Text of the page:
We’ve said it before and we’ll say it again: White Sox starter Chris Sale needs his own video game.
The lanky left-hander threw eight innings of shutout ball on Saturday afternoon against the Astros, striking out seven and walking none as the Pale Hose rolled to a 10-1 victory. He now has a 0.92 WHIP, 76/18 K/BB ratio and an American League-best 2.05 ERA through 74 2/3 frames this season.
Adam Dunn hit a grand slam in the blowout win and Gordon Beckham contributed three runs batted in.
Sale has surrendered just three earned runs, fanned 36 batters and issued only six free passes in his last 31 1/3 innings of work. It’s crazy to think the White Sox had him in the bullpen at one point, and his success as a starter should be a message for the Reds and their own lanky southpaw (Aroldis Chapman).
For postgame reaction, including videos, check out WhiteSoxTalk at CSNChicago.com.
Not long after the new ownership group bought the Miami Marlins, face of the franchise Derek Jeter made it clear that he wanted the home runs sculpture beyond the outfield fence gone. In October they announced that it would, in fact, be moving out to a plaza or the parking lot or someplace you’re unlikely to ever see it because who goes to Marlins games?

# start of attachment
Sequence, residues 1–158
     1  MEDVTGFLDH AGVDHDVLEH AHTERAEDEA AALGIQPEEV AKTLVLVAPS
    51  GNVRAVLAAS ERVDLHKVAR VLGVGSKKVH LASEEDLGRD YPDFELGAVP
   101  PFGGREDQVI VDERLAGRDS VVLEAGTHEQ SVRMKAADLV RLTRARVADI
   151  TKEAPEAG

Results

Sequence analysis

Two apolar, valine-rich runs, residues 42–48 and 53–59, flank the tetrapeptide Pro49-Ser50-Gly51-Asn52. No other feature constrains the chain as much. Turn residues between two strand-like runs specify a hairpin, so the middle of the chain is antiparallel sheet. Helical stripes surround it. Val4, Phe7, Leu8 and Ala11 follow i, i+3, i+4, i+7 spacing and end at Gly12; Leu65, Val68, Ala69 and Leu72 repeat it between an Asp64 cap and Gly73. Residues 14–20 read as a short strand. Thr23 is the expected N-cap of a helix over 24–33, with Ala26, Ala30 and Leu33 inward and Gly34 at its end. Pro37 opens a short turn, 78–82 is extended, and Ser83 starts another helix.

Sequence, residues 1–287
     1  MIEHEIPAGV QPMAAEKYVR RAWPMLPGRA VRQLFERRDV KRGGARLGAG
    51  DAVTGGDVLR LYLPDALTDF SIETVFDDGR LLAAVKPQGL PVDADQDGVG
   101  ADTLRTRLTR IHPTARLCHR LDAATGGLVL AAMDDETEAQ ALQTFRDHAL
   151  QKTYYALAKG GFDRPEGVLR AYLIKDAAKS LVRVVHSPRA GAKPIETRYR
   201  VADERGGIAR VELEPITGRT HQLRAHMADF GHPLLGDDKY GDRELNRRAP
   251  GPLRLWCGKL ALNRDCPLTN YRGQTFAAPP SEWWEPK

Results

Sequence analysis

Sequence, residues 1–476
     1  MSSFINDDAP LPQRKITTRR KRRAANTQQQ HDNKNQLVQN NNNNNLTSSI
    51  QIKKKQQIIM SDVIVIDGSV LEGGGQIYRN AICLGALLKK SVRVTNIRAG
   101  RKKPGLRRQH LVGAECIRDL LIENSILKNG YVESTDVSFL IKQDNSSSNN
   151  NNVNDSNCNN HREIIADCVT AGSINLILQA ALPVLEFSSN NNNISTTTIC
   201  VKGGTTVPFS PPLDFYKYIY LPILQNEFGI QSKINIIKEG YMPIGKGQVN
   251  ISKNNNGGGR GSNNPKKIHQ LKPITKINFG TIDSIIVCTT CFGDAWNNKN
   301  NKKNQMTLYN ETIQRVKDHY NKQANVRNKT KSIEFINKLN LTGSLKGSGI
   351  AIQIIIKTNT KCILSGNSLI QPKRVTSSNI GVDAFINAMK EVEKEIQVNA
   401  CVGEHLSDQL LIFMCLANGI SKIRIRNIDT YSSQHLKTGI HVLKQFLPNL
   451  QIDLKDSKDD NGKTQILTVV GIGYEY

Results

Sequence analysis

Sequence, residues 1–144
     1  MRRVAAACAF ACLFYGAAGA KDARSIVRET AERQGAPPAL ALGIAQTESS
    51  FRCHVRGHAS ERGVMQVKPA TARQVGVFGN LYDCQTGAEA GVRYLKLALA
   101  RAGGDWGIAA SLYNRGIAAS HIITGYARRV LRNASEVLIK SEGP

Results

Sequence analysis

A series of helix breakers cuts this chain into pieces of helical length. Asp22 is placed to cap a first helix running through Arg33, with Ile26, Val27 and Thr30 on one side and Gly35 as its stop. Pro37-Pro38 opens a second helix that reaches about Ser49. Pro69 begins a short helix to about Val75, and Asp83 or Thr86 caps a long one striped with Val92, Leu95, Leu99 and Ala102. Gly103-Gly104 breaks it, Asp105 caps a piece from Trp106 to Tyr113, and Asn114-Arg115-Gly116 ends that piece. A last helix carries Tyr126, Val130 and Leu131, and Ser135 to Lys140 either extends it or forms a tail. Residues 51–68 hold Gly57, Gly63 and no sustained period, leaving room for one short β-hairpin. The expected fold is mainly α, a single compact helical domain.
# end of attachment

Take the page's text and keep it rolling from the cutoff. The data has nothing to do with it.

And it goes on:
Today we got a tease of what the Marlins are doing with the space the sculpture is vacating:
It was only a matter of time before that green wall went away. There are a lot of things I like about the overall aesthetic of Marlins Park, but almost all of them are because of their novelty. Jeff Loria was bad for a lot of reasons, but one of the few good things he did was eschew nostalgia and traditionalism with the ballpark. Nostalgia and traditionalism, unfortunately, is the straw that stirs baseball’s drink, so any “weird” colors or flourishes were gonna be beat out of that place as the years went on. It was inevitable.
As for the “three-tier social space,” here’s hoping that tickets for it are cheap or the Marlins start winning ballgames soon, because the Marlins can’t really fill their existing spectator spaces now.